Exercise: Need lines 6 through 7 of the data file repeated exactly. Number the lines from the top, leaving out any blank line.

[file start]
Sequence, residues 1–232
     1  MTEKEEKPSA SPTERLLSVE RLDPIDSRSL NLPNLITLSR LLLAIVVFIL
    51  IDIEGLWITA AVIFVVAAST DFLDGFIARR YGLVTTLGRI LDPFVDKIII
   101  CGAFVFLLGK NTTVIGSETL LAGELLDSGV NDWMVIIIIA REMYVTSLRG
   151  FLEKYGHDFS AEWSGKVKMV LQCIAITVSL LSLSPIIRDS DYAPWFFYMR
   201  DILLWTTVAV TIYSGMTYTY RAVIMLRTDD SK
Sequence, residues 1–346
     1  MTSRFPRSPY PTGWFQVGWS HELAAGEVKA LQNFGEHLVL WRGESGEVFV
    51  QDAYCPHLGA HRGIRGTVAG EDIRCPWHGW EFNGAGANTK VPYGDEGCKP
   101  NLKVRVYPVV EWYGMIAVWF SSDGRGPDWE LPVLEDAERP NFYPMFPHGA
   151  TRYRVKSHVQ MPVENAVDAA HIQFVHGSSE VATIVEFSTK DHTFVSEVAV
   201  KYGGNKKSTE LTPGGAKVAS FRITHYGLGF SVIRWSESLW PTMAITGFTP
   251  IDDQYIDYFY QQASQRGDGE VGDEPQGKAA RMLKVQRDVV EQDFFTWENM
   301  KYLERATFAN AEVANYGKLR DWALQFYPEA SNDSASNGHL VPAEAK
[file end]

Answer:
   201  DILLWTTVAV TIYSGMTYTY RAVIMLRTDD SK
Sequence, residues 1–346